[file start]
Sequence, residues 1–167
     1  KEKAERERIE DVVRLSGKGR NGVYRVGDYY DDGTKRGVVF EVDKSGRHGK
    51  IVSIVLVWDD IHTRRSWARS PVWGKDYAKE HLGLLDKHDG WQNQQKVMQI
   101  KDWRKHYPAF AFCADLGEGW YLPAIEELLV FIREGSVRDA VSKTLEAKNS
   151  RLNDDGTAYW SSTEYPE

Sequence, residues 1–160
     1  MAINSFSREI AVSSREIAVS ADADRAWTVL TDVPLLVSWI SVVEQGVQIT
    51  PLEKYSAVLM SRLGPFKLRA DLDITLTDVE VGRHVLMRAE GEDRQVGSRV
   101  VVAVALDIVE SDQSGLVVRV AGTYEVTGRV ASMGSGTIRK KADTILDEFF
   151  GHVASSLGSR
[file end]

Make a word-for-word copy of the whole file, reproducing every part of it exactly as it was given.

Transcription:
Sequence, residues 1–167
     1  KEKAERERIE DVVRLSGKGR NGVYRVGDYY DDGTKRGVVF EVDKSGRHGK
    51  IVSIVLVWDD IHTRRSWARS PVWGKDYAKE HLGLLDKHDG WQNQQKVMQI
   101  KDWRKHYPAF AFCADLGEGW YLPAIEELLV FIREGSVRDA VSKTLEAKNS
   151  RLNDDGTAYW SSTEYPE

Sequence, residues 1–160
     1  MAINSFSREI AVSSREIAVS ADADRAWTVL TDVPLLVSWI SVVEQGVQIT
    51  PLEKYSAVLM SRLGPFKLRA DLDITLTDVE VGRHVLMRAE GEDRQVGSRV
   101  VVAVALDIVE SDQSGLVVRV AGTYEVTGRV ASMGSGTIRK KADTILDEFF
   151  GHVASSLGSR